Welcome to “Behind the Byline,” the column in which we share conversations with our current NER writers in all genres. Poetry editor Rick Barot spoke recently with poet John Gallaher, author of “Addenda to Your Emergency Evacuation Plan,” which appears our current issue, NER 36.3.
RB: When I first read “Addenda to Your Emergency Evacuation Plan,” I thought of it as a “near-elegy.” There’s grief in the poem, but it’s not the grief of death, it’s the grief of seeing frailty in others. Can you talk about how the poem came about?
JG: Sure. I’d just spent a couple weeks in Texas as my father went from a heart attack, being dead for a bit, to the very beginning of recovery. When I got home to Missouri, there was this “shock of the normal” moment that I was having a difficult time readjusting to. The poem was my attempt to put that experience I was having into language while still in the experience. The first thought I had when thinking about this, was that line from The Princess Bride, “Mostly dead is slightly alive.” https://youtu.be/xbE8E1ez97M
RB: In the first line of “Addenda,” I hear an echo of Galway Kinnell’s poem “When One Has Lived a Long Time Alone.” This made me wonder who has influenced your work. Who are your poetry heroes?
JG: I love that book by Kinnell! So much so that I once wanted to title a book When One Has Lived Too Long Among Other People, but settled for using it as a poem title. The poets I go back to the most are John Ashbery, Frank O’Hara, and Rae Armantrout. There’s a comforting closeness that each of them has that makes me feel I’m sitting with them. A lot of poets strive for intimacy, but the kind of intimacy I find in these three is often a kind of dailiness, and I like that. It’s like sitting over coffee with them, like sitting over coffee and just being there.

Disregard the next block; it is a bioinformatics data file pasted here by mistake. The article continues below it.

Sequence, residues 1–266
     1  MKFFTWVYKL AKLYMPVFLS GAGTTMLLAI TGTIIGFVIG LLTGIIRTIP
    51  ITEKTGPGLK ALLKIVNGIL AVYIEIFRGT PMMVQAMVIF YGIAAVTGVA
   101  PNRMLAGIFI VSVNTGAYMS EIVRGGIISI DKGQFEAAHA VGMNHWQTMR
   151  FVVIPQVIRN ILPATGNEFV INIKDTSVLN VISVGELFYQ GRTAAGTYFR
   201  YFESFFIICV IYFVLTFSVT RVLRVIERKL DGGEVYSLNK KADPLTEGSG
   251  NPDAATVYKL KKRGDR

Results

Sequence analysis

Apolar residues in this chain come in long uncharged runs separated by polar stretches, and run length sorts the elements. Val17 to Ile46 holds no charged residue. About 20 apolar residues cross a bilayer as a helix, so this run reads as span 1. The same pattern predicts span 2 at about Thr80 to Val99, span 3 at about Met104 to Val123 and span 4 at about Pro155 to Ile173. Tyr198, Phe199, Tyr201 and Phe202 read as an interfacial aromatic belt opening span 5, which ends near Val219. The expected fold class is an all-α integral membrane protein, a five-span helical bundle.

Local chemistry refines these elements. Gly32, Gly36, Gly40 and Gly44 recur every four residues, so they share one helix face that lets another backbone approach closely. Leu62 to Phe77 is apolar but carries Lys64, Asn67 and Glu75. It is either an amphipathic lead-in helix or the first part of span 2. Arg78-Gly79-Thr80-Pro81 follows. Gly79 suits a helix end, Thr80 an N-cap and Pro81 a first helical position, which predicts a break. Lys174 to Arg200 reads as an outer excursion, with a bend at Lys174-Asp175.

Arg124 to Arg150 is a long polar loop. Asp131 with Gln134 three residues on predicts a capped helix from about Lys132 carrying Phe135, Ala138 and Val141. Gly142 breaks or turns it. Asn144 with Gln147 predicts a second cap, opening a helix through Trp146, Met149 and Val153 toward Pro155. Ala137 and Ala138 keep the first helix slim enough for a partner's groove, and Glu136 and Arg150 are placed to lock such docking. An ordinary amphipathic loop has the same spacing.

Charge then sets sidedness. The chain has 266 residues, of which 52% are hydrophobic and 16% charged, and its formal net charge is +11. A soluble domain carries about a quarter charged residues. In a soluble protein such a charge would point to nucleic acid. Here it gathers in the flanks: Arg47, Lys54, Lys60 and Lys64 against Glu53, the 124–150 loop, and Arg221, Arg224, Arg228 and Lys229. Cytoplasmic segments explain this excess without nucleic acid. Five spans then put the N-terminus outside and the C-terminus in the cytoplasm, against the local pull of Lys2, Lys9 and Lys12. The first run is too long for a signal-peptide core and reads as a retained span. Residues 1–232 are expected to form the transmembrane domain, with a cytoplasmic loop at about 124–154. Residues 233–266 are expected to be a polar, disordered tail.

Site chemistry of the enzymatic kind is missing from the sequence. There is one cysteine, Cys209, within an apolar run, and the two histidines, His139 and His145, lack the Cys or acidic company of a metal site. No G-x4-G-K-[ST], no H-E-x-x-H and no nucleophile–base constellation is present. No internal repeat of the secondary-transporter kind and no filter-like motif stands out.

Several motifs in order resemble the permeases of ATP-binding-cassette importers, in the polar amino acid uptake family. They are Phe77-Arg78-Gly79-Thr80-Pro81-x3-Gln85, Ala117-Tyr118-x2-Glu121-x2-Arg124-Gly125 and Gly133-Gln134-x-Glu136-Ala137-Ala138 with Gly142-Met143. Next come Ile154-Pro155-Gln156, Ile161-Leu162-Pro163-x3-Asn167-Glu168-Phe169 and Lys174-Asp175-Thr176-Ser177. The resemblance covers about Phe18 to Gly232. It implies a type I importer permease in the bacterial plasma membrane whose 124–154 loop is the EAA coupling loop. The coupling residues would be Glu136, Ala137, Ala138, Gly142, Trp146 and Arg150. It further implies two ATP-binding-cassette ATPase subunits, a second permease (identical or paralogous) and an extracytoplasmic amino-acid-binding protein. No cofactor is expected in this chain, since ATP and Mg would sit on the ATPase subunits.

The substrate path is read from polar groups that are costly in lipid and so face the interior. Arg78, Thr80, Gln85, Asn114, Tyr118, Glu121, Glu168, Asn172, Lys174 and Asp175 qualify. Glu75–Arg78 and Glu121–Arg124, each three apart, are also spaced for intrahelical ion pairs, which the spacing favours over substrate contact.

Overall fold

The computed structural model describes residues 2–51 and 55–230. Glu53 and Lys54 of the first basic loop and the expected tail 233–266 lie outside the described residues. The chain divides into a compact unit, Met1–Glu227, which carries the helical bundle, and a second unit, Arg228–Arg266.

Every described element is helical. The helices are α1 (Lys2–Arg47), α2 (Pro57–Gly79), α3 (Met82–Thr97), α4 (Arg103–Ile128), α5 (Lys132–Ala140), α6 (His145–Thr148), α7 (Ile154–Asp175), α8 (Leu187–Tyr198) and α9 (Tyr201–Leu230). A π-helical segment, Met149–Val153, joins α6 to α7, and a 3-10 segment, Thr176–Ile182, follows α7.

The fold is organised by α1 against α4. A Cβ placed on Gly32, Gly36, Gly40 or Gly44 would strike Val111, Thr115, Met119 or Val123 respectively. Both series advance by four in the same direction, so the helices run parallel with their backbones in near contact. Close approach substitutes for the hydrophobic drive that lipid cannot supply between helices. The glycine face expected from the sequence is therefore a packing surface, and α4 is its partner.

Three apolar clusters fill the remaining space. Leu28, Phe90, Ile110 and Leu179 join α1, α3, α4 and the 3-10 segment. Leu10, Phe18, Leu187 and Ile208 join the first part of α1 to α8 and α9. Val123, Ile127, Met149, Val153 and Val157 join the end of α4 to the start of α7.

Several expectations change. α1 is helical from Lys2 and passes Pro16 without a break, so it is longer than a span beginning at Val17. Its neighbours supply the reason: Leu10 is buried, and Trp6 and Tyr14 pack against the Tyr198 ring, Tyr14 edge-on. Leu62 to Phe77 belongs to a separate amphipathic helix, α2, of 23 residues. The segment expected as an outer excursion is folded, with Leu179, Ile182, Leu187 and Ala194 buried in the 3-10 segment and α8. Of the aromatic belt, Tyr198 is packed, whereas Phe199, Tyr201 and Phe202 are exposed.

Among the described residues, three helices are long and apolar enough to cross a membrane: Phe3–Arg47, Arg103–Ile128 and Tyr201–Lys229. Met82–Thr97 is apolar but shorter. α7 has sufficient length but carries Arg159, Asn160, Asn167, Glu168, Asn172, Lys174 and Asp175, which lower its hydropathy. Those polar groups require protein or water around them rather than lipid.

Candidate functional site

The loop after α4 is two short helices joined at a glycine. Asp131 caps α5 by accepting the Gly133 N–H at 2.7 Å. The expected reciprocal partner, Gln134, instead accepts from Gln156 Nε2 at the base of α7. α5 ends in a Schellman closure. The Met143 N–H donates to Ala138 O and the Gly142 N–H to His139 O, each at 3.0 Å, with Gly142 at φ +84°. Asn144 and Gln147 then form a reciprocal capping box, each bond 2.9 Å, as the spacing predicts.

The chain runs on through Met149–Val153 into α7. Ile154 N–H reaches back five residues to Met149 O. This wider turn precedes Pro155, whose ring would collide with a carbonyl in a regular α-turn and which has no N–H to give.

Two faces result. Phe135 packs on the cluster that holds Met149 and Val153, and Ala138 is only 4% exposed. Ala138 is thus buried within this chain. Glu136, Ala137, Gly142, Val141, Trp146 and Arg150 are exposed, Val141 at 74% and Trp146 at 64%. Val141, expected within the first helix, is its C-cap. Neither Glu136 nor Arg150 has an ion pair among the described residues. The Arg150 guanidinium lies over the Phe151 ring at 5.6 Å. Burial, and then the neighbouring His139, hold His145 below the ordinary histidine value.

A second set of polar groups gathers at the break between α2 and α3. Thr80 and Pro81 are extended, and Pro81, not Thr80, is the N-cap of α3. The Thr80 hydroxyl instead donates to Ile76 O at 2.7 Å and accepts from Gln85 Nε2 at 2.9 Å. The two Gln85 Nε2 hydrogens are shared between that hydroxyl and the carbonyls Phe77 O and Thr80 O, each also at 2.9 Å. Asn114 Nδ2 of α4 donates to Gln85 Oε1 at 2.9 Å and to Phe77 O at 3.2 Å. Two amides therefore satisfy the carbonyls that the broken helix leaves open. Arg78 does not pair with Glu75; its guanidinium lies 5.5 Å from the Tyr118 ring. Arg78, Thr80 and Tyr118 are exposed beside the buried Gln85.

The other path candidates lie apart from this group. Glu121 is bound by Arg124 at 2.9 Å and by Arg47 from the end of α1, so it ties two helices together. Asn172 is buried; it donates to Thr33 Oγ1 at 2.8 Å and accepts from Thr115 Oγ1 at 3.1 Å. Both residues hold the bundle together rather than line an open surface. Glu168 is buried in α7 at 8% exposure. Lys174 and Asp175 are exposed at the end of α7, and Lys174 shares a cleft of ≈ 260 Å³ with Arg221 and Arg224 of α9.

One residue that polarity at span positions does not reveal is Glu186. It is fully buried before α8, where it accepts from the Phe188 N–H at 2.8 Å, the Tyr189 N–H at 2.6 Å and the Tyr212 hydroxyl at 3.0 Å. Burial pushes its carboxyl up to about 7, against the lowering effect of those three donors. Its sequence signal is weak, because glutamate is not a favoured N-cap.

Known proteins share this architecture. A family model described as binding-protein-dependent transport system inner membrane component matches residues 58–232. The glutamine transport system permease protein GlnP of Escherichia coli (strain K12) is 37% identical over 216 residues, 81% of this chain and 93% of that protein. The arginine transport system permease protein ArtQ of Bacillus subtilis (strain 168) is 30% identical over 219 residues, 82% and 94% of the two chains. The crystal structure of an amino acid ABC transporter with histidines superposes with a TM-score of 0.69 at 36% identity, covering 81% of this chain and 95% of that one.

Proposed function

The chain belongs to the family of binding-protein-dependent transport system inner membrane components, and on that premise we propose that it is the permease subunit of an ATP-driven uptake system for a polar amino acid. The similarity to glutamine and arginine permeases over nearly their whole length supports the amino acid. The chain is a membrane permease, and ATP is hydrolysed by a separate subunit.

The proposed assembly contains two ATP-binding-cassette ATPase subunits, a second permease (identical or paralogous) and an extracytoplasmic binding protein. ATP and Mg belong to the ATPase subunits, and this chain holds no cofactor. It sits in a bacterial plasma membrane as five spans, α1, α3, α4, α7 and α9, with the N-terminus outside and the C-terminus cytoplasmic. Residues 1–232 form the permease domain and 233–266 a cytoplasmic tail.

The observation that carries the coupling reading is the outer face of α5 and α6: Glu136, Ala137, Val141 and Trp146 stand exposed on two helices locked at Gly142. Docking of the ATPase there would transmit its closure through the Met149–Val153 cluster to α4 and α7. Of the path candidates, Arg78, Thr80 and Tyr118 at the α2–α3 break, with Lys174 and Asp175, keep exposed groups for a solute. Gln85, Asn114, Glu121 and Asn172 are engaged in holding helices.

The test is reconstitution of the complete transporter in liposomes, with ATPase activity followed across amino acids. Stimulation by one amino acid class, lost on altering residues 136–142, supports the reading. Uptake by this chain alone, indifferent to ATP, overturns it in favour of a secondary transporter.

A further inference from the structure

RB: You’re a big music aficionado. What new music should we be listening to this fall and winter?
JG: My favorite topic! 2015 is a pretty good year for new music. What I’m enjoying a lot are the new albums from Courtney Barnett, Destroyer, and Giant Sand. Courtney Barnett especially has that quality to her phrasing and lyrics that gives one the feeling that she’s just talking to you, in a kind of “let me tell you about this thing that happened to me” way that is captivating. Destroyer (Dan Bejar), as well, has a similar, off the cuff way of singing that he uses in more associational ways that are to me equally effective. And Giant Sand is Howe Gelb, who’s been making albums since the ’80s. He’s an underground (or near underground) genius. I love everything he touches. Here’s a performance by Courtney Barnett (and she’s wearing a Bill Murray t-shirt!): https://youtu.be/QJdnurMDe0g
RB: Your poems are often characterized by a rangy, conversational, associative quality. What is the process of composition like for you?
JG: I’d characterize it, I guess, as rangy, conversational, and associative! I work from notes, and then just kind of talk about them. I don’t want my poems to feel written. I revise a lot, though, so the “just talk about them” aspect is a little more constructed than if I were really just talking about them, but it still starts out that way. And then I see what happens. Sometimes not much happens.
John Gallaher is the author of five books of poetry, including Your Father on the Train of Ghosts (with G. C. Waldrep, BOA, 2011) and In a Landscape (BOA, 2014), as well as two chapbooks and two edited collections. He co-edits the Akron Series in Poetics and the Laurel Review. His poems have appeared in Best American Poetry, Poetry, Boston Review, Chicago Review, and elsewhere.